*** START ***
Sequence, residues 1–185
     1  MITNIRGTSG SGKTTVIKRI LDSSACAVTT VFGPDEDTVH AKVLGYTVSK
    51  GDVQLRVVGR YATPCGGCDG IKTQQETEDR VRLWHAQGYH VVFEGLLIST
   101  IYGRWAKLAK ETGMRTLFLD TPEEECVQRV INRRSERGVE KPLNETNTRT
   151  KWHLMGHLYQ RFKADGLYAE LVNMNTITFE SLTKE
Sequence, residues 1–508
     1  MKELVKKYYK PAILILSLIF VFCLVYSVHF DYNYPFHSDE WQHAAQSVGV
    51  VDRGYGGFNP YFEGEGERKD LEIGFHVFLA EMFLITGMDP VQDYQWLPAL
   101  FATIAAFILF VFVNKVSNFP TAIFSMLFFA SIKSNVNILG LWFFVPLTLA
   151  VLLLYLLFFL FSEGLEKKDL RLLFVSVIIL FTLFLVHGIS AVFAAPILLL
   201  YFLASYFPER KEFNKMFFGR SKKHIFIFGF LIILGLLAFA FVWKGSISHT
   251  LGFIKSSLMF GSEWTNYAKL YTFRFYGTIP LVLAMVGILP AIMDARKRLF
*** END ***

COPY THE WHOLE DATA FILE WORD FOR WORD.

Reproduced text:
Sequence, residues 1–185
     1  MITNIRGTSG SGKTTVIKRI LDSSACAVTT VFGPDEDTVH AKVLGYTVSK
    51  GDVQLRVVGR YATPCGGCDG IKTQQETEDR VRLWHAQGYH VVFEGLLIST
   101  IYGRWAKLAK ETGMRTLFLD TPEEECVQRV INRRSERGVE KPLNETNTRT
   151  KWHLMGHLYQ RFKADGLYAE LVNMNTITFE SLTKE
Sequence, residues 1–508
     1  MKELVKKYYK PAILILSLIF VFCLVYSVHF DYNYPFHSDE WQHAAQSVGV
    51  VDRGYGGFNP YFEGEGERKD LEIGFHVFLA EMFLITGMDP VQDYQWLPAL
   101  FATIAAFILF VFVNKVSNFP TAIFSMLFFA SIKSNVNILG LWFFVPLTLA
   151  VLLLYLLFFL FSEGLEKKDL RLLFVSVIIL FTLFLVHGIS AVFAAPILLL
   201  YFLASYFPER KEFNKMFFGR SKKHIFIFGF LIILGLLAFA FVWKGSISHT
   251  LGFIKSSLMF GSEWTNYAKL YTFRFYGTIP LVLAMVGILP AIMDARKRLF